Postmenopausal women who smoked are more likely to lose teeth due to periodontal disease
Postmenopausal women who have smoked are at much higher risk of losing their teeth than women who never smoked, according to a new study published and featured on the cover of the Journal of the American Dental Association by researchers at the University at Buffalo.
BUFFALO, N.Y. — Postmenopausal women who have smoked are at much higher risk of losing their teeth than women who never smoked, according to a new study published and featured on the cover of the Journal of the American Dental Association by researchers at the University at Buffalo.
The study involved 1,106 women who participated in the Buffalo OsteoPerio Study, an offshoot of the Women’s Health Initiative, (WHI), the largest clinical trial and observational study ever undertaken in the United States, involving more than 162,000 women across the nation, including nearly 4,000 in Buffalo.
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The UB study is the first to examine comprehensive smoking histories for participants that allowed the researchers to unravel some of the causes behind tooth loss in postmenopausal women who smoked.
The study, which appears in the journal’s current issue, is available here.
Smoking has long been associated with tooth loss, but postmenopausal women, in particular, experience more tooth loss than their male counterparts.
“Regardless of having better oral health practices, such as brushing and flossing, and visiting the dentist more frequently, postmenopausal women in general tend to experience more tooth loss than men of the same age,” says Xiaodan (pronounced Shee-ao-dan) Mai, a doctoral student in epidemiology in the UB Department of Social and Preventive Medicine in the School of Public Health and Health Professions. “We were interested in smoking as a variable that might be important.”
While fewer adults lose their teeth now than in past decades, tooth loss is associated with poor health outcomes, including stroke, cancer, rheumatoid arthritis, and diabetes.
In the UB study, heavy smokers -- defined as those who had at least 26 pack-years of smoking, or the equivalent of having smoked a pack a day for 26 years -- were nearly twice as likely to report having experienced tooth loss overall and more than six times as likely to have experienced tooth loss due to periodontal disease, compared to those who never smoked.
Participants provided information to researchers using a detailed questionnaire covering smoking history. Each participant also underwent a comprehensive oral examination and reported to the dental examiners reasons for each tooth lost. In some cases, the patient’s dental records also were reviewed.
“We found that heavy smokers had significantly higher odds of experiencing tooth loss due to periodontal disease than those who never smoked,” explains Mai. “We also found that the more women smoked, the more likely they experienced tooth loss as a result of periodontal disease.”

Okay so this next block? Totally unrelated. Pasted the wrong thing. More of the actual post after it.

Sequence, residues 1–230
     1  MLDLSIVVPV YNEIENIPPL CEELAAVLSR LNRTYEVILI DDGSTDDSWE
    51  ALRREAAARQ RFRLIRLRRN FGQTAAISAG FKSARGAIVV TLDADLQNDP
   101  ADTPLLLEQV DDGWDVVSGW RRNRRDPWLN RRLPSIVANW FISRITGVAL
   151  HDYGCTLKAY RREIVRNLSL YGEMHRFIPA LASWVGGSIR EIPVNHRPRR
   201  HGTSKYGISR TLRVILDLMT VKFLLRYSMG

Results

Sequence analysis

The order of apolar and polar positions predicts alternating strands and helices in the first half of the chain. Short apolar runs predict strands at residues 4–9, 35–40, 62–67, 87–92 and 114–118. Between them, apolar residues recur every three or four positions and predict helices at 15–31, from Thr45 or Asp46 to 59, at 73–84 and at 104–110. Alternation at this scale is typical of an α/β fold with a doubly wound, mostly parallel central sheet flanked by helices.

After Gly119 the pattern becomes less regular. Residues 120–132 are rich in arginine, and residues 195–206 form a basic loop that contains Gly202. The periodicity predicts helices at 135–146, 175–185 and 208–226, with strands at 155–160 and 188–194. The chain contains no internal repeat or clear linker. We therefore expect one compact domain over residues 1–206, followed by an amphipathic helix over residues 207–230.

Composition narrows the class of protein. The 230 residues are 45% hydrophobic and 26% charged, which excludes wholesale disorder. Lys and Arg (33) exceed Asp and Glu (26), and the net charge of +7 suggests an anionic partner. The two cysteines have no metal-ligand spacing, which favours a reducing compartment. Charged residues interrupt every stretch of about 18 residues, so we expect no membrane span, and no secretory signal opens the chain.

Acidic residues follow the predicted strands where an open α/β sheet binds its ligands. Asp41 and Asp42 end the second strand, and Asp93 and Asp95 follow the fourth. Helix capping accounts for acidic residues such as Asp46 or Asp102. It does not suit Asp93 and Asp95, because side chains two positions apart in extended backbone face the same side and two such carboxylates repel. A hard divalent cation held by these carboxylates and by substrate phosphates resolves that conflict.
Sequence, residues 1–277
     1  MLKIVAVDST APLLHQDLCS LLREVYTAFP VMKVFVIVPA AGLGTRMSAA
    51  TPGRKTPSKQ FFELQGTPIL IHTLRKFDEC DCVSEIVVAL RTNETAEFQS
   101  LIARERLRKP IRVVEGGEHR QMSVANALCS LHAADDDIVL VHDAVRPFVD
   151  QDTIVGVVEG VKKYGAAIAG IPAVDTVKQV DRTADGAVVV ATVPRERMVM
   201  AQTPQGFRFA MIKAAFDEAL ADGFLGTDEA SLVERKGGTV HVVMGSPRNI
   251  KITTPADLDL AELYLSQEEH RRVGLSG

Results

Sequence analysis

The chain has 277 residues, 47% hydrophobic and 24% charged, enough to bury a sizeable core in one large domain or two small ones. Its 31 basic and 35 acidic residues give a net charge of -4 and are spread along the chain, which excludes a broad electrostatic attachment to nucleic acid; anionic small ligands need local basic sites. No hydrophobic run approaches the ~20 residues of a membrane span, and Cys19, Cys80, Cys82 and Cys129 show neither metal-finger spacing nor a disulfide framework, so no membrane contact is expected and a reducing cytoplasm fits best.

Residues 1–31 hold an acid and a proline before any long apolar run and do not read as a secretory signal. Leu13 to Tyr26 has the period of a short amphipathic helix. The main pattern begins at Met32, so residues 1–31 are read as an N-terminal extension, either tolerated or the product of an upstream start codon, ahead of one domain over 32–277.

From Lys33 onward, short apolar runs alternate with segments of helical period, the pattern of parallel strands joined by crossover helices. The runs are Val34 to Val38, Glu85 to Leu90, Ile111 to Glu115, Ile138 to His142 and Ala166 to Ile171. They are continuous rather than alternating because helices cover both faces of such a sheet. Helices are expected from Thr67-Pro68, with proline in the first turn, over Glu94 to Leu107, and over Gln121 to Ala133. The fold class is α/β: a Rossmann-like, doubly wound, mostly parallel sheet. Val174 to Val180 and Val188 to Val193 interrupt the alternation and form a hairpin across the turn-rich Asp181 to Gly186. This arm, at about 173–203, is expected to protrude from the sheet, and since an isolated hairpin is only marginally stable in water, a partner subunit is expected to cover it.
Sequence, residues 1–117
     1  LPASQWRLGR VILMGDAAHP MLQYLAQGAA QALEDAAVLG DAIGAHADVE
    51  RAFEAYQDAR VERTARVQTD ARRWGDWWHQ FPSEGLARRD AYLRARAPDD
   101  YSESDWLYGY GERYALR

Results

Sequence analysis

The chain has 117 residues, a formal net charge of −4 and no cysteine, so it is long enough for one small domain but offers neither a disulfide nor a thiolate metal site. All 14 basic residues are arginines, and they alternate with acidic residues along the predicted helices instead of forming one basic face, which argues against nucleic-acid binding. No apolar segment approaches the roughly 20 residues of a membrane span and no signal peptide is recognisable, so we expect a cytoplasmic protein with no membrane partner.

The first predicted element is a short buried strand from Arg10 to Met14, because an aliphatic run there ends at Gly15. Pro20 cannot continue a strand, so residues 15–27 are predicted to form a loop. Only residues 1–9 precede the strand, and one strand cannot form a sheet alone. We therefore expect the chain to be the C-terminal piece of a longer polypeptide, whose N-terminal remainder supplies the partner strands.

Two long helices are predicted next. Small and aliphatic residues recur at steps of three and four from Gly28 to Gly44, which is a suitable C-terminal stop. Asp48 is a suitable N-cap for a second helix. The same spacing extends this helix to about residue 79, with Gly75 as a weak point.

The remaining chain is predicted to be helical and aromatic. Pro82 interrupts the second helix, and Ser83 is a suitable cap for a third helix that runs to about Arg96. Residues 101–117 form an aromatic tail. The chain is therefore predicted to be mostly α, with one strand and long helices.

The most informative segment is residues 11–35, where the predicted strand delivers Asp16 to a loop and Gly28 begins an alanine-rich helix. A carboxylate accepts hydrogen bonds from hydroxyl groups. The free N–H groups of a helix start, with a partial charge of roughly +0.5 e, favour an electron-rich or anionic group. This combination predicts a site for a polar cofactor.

On the other hand, they found that smoking was a less important factor in tooth loss due to caries. That’s an important distinction, says Mai.
“Periodontal disease is a chronic, inflammatory condition that may be related to the development of cancer,” she explains.
The paper notes that cigarette smoke may accelerate periodontal disease and that other studies suggest that chemicals found in smoke may favor plaque-forming bacteria that could reduce the ability of saliva to be antioxidative. Nicotine also has been shown to reduce bone density and bone mineral factors while estrogen hormones have been found to be lower among women who smoke.
Mai is now interested in pursuing research that could determine whether smokers with periodontal disease are at even greater risk for certain cancers than smokers without periodontal disease.
“Tooth loss due to periodontal disease is a prevalent condition among postmenopausal women that severely impacts their dietary intake, aesthetics, and overall quality of life,” says Mai. “Women now have yet another, very tangible reason for quitting smoking.”
Co-authors with Mai are: Jean Wactawaski-Wende, PhD, principal investigator on the WHI, professor and associate chair of the UB Department of Social and Preventive Medicine, professor of gynecology-obstetrics, and UB's vice provost for strategic initiatives; Kathleen M. Hovey, data analyst, Michael J. LaMonte, PhD, assistant professor and Chaoru Chen, PhD, formerly a postdoctoral scholar, all in the UB Department of Social and Preventive Medicine. Mine Tezal, DDS, PhD, assistant professor and Robert J. Genco, DDS, PhD, Distinguished Professor of Oral Biology and Microbiology in the Department of Oral Biology, both in the UB School of Dental Medicine also are co-authors.
The research was funded by the National Institute of Dental and Craniofacial Research and the National Heart Lung and Blood Institute, both of the National Institutes of Health, and the US Army Medical Research and Materiel Command.
The University at Buffalo is a premier research-intensive public university, the largest and most comprehensive campus in the State University of New York. UB's more than 28,000 students pursue their academic interests through more than 300 undergraduate, graduate and professional degree programs. Founded in 1846, the University at Buffalo is a member of the Association of American Universities.